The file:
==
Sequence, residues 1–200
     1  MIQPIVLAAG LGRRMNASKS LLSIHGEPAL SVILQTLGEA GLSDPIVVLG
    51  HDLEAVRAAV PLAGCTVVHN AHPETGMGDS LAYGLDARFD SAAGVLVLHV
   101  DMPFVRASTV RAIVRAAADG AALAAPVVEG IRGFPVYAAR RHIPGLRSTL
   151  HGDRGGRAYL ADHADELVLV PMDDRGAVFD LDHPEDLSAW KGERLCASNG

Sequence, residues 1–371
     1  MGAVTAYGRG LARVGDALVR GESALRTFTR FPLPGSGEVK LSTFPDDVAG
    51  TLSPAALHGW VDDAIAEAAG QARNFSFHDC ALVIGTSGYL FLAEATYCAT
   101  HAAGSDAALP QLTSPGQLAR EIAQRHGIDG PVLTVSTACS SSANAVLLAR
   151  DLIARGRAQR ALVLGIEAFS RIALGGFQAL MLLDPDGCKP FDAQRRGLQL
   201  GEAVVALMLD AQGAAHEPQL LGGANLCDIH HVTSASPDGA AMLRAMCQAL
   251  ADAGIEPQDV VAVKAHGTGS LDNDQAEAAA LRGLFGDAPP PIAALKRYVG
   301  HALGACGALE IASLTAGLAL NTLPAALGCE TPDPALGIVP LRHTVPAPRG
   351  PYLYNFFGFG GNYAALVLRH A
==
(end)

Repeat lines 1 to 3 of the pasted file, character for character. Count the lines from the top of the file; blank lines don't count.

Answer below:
Sequence, residues 1–200
     1  MIQPIVLAAG LGRRMNASKS LLSIHGEPAL SVILQTLGEA GLSDPIVVLG
    51  HDLEAVRAAV PLAGCTVVHN AHPETGMGDS LAYGLDARFD SAAGVLVLHV